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Olive Café & Olive Baking Company Mix Sourdough Bread with Sweet Neighborhood Charm

Not many kitchen ingredients can claim family status. But if you bake sourdough bread, your starter – a bubbly mixture of yeast and lactobacilli, converting starches and sugars into acid 24/7 – can start to seem that way. Feed it a regular diet of flour and water, and the microbiome can help you bake that chewy, tangy bread in your ovens for years. Even generations, if you ask Sarah Mattinson.

Sarah’s starter came from a friend’s father, a fellow restauranteur who knew about her formal education in breadmaking. Years ago, he gave Sarah a mason jar of his own supply. From that tiny batch, Sarah has cultivated two massive containers of sourdough starter, a combined 11 gallons’ worth of live cultures. They form a base for the beloved sourdough boule at Olive Baking Company and Olive Café, Sarah’s neighboring businesses on Mission Beach – a bit of baked-in history for the stores, of one chef passing down an heirloom ingredient to another.

“There’s no commercial yeast in our sourdough,” Sarah says. “And we also supply his restaurants with the bread. That sourdough starter is our baby. We have to feed it even if we’re closed on Christmas and Thanksgiving.”

In Olive’s early years, Christmas and Thanksgiving were the only days Sarah didn’t work. She took over the café in 2005, then a tiny corner shop with one oven, two employees, and a small enough space that you couldn’t do dishes and cook at the same time. Nearly two decades later, her dream of building a neighborhood gathering place has come to life. 

Since then, Olive Café took over the building next door and now offers indoor and outdoor dining. Sarah opened Olive Baking Company just across Mission Boulevard in 2015; today it supplies 16 local restaurants with pastries and tangy sourdough bread. Sarah just earned 2023 Restauranteur of the Year honors from the California Restaurant Association’s San Diego chapter. And with 30 employees, she’s finally able to take a day or two off each week.

Through it all, Sarah has been as busy as her 11-gallon starter. But she hasn’t forgotten her original purpose – to raise a cornerstone of community in Mission Beach, San Diego’s “classic boardwalk beach town.” The staff at Olive Café and Olive Baking Company bring ceaseless energy to their craft. And SDG&E, their delivery partner for gas and electricity, helped energize those dreams from the start.

Sarah Mattinson, Olive Cafe
Sarah Mattinson, Olive Cafe

If You Can’t Stand the Heat…

A typical day at the bakery begins at 4:30 a.m., when Olive’s staff arrives to fire up the ovens. The café and bakery open a half-hour apart – the café at 7 a.m., the bakery at 7:30 – so the team only has a few short hours to pump out the cinnamon rolls and scones that get snapped up by their customers. Between the two facilities, Olive has five ovens to work with. At the bakery, it turns out Kolache (kuh-LAH-chee), a traditional Czech treat with filling-stuffed balls of warm, soft dough. Then come the dinnerplate-sized sourdough boules, crusty on the outside and chewy on the inside, cooked in cast-iron pots at more than 400 degrees.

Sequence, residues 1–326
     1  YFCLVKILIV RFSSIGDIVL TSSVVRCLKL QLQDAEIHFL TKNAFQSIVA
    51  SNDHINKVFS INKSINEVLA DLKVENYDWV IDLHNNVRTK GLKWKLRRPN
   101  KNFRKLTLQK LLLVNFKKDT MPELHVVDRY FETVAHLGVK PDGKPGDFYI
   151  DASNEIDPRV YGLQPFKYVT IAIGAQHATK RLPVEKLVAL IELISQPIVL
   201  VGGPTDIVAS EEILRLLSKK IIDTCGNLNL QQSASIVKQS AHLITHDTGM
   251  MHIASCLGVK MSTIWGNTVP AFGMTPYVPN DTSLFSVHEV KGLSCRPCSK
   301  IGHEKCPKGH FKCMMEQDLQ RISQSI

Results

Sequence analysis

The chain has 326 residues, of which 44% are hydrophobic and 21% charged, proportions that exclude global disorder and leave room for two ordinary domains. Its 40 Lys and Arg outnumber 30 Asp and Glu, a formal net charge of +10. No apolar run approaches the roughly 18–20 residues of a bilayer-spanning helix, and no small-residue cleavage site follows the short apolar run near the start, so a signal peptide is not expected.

Between all the baking, the ovens are “constantly going throughout the day,” Sarah says. Though these ovens are powered by natural gas, Olive needs plenty of reliable electricity, too. Large refrigerators keep produce and other ingredients fresh, while espresso machines, overhead lights and Sarah’s computer – where these days, she starts by cranking through email – need plenty of juice.

SDG&E delivers the gas to bake all that sourdough, but long before the bread came another kind of dough: financial assistance, in the form of rebates for newer refrigeration units. They knocked off a few hundred dollars, enough to “really make a difference in being able to expand or replace equipment,” Sarah says. “I didn’t have a big nest egg to start, and that really helped me out when I was getting equipment. It’s a good connection because you’re getting more energy-efficient equipment, and then you’re also saving some money on the other end.”

Like Olive Café, many other businesses around San Diego and South Orange County benefit from SDG&E programs, ranging from the Business Energy Solutions (BES) program, which offers free energy audits for small commercial customers, to the Comprehensive Energy Management Solutions (CEMS) program, which offers cash incentives to help large commercial customers offset the cost of energy-efficient equipment.

Cast-Iron Community

Sarah spent her childhood in upstate New York, around the corner from a deli and a post office that shared the same space. The unlikely bedfellows formed a neighborhood hub, a “little community that everyone would go in and check out – grab their mail, see what’s happening,” she says. “I just really knew I wanted to start something that served breakfast and lunch, to start people off with good coffee, good pastries and good conversation.”

Start something she did. After graduating from the University of San Diego, Sarah worked at her uncle’s bakery in San Diego’s Little Italy by day and an Italian restaurant by night—then eventually took Olive Café over from its previous owner nearly 20 years ago. A few miles removed from the hustle of downtown, the boardwalk community saw enough regulars for Sarah to plug in as a morning institution.

“Community was my whole reason in wanting a café,” she says. “You get to know people. It’s their one outing for the day, and they’ll come and get breakfast with us or come and meet their friends. We have biking groups and walking groups. We have one guy who’s 102 years old, and he still walks in.”